An accidentally deleted video won’t derail a child rape case scheduled for trial later this month.
During a hearing Monday, Sept. 9, in Blount County Circuit Court, a forensic investigator said she accidentally deleted nearly five dozen files from 2016 while attempting to back them up in early 2018.
Christina Copland, an investigator with New Hope — Blount County Children’s Advocacy Center since 2007, said she lost 57 files completely, and about 14 have no audio.
In a phone interview about the potential impact of the lost files, New Hope Executive Director Tabitha Damron said, “To our knowledge this is the only case that has any charge or any pending charges.”
New Hope, which coordinates and delivers services for child victims of physical and sexual abuse, conducted 316 interviews in 2016, Damron said.
The court hearing Monday was on motions in the case of Scott Allen Briggs, 32, East Lincoln Road, Alcoa, who is accused of raping a then-4-year-old boy in January 2016.
Although Copland started a video recording system the evening she met him, the boy was upset and never entered the interview room to answer questions, she and a Blount County detective said.
Judge David Duggan denied a motion by defense attorney Rick Owens to dismiss the case, scheduled for trial Sept. 24, because of the missing video file.
Copland explained during the hearing that she was trying to back up files to an external hard drive when they were deleted.
She contacted a Maryville police officer who handles internet crimes against children for assistance, and he created a mirror image backup of the hard drive. Neither he nor a firm in California that the local internet technology company PCS recommended was able to recover the files.
Damron said New Hope has been working with PCS and since then has installed a new NAS (Network Attached Storage) system with built-in redundancy. New Hope also backs up files to an external hard drive and makes a physical copy on DVD of any interview in which a child discloses an abuse charge.
One interview file could include up 20 gigabytes of data, Copland said, and last year New Hope conducted 384 interviews.
While New Hope has been studying further ways to secure files, Damron said, “This is a huge ongoing expense for us.”
“Most CACs (child advocacy centers) are not the keepers of the records,” she said.
The NAS system alone cost about $2,500, she said, and New Hope works to ensure the dollars that come in go to services for children.
Never on video
Both Copland and Detective David Henderson of the Blount County Sheriff’s Office testified that the boy in the Briggs case never appeared on a lost video.
“The child was scared and crying and didn’t want to go in the room,” said Henderson, who was sitting in an observation room at New Hope that night and could hear the boy.
The judge repeated several times that he found Copland and Henderson credible, and said he had no reason to believe they were not telling the truth. Paper records they created the same time also indicate the boy never was interviewed that day.
“Essentially we’re talking about a video of nothing,” Assistant District Attorney Ashley Salem said.
Owens argued that the boy’s demeanor and refusal to go in the room could potentially clear his client.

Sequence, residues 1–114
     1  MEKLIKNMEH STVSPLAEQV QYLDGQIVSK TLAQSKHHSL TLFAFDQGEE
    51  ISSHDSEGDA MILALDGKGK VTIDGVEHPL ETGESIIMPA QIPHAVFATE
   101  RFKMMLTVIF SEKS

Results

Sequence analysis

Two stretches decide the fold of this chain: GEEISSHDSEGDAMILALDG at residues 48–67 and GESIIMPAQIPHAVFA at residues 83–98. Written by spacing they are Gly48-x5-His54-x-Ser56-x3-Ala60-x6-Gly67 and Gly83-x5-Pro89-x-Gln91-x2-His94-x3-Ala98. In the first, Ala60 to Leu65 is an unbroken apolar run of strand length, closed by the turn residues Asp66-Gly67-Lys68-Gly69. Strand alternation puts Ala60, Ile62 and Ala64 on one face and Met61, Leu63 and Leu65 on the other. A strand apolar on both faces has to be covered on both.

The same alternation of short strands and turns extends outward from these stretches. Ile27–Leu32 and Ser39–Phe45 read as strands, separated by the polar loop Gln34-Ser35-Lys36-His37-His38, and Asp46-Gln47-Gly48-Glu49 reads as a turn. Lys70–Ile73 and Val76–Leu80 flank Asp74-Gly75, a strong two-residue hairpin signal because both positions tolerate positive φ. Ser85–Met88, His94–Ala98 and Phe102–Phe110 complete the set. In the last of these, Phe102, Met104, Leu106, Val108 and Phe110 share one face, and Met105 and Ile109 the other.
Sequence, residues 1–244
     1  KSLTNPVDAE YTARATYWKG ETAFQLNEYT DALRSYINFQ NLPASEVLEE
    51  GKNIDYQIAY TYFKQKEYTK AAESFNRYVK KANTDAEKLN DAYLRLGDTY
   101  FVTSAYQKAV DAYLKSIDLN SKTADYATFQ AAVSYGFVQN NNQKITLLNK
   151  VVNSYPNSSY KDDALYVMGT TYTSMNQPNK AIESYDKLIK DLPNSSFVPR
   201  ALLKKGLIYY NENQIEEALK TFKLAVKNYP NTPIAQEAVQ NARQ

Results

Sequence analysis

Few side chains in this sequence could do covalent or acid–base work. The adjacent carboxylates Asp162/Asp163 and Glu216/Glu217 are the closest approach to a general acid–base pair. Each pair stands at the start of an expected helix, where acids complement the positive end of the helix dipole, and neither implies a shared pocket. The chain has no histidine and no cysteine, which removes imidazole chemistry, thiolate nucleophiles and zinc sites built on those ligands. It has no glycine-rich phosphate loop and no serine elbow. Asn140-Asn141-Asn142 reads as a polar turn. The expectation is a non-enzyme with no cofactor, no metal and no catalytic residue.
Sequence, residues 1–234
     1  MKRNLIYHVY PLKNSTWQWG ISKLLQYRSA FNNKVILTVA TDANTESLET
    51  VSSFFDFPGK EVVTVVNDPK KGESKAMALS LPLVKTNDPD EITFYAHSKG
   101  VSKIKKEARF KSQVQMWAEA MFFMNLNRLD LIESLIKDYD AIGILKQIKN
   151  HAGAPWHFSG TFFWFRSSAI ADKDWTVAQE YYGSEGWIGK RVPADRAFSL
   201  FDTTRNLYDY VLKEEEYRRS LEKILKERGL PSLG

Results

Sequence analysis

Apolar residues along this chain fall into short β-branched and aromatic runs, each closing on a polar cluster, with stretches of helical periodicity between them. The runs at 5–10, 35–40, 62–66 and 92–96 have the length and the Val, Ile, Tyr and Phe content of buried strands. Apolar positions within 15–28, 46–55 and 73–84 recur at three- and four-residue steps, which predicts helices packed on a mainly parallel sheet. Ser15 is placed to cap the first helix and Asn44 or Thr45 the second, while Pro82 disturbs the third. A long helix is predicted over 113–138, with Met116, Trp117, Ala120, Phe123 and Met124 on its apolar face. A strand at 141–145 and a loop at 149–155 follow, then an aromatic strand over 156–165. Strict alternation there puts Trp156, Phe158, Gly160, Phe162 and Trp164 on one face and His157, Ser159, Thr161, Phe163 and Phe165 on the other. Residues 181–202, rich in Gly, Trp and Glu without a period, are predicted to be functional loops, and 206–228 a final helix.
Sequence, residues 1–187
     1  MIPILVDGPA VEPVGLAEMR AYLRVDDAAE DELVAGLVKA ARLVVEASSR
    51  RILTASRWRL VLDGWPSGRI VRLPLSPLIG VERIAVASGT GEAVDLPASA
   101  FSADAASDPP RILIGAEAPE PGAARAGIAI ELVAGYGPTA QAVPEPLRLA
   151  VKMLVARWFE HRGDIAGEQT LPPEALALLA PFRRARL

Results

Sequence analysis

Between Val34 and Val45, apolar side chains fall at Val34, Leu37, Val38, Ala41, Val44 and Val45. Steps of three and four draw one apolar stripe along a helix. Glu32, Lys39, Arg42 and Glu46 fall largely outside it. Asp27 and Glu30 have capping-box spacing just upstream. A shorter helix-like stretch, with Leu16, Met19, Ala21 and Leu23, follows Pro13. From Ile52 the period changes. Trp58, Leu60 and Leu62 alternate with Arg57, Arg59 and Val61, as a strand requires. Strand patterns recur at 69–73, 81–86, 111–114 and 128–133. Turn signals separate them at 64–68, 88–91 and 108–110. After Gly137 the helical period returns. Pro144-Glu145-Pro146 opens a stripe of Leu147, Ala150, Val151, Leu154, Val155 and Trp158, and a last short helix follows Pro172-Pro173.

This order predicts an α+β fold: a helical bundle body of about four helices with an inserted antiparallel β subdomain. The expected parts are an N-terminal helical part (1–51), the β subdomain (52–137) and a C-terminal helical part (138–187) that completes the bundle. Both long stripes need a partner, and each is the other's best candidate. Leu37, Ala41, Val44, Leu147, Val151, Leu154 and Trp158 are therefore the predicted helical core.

Duggan agreed that if the video existed, Owens would be entitled to it, and it should have been retained. “There was a duty to preserve what took place in that room even if nothing took place,” the judge said.
“I think there was negligence here,” he said. “I don’t find any reason to believe there was gross negligence.”
Duggan also noted that although he hasn’t reviewed the evidence to be presented at trial yet, there appeared to be other significant evidence that could weigh one way or the other. Therefore, he denied Owens’ motion to dismiss the case.
The judge also asked that prosecutor Salem check with PCS to ask specifically whether there was any possibility to recover the file directly from the external hard drive, instead of the mirror backup.
Duggan denied a motion to throw out DNA evidence from Briggs, noting the man had received his Miranda rights and consented to a cheek swab. Owens had argued that before the buccal cells were tested, Briggs said he wanted to revoke his consent and consult an attorney. The judge said that after giving permission and the sample Briggs, “in a somewhat astounding fashion to me,” sat there exchanging text messages on his phone. “He sits there for not an insignificant amount of time.”
Duggan quoted Briggs from a video of that interview saying after the swab was taken, “She’s telling me I should get a lawyer before I give you (‘a’ or ‘the’) DNA sample.”
“He consented to it; he freely gave it,” Duggan said, and while Briggs could have decided to stop talking to investigators he never said, “I want a lawyer” or “I want to stop.”
Duggan granted the state’s motion to limit evidence of the victim’s past sexual behavior. “Right now I have no reason to believe this 6-year-old child has any sexual history,” Duggan said, adding that he could reverse his own ruling after reviewing a 2018 video in which the boy was interviewed after allegedly being the victim in an incident on a school bus. Salem said no one was prosecuted in that incident.
Duggan asked both attorneys for further input on Owens’ motion to separate the child rape trial charges against Briggs of evading arrest from felony reckless endangerment.
A BCSO deputy told the court Briggs agreed over the phone in March 2018 to turn himself in on the warrant for the child rape charge but about three days later hadn’t done so. When deputies tried to pull him over on Big Springs Road, Briggs led them on about a two-minute pursuit at speeds exceeding 90 mph, until he ran out of gas, the deputy said.
Owens argued that hearing the evading arrest charge at the same time might lead a jury to assume Briggs is guilty of the other charge.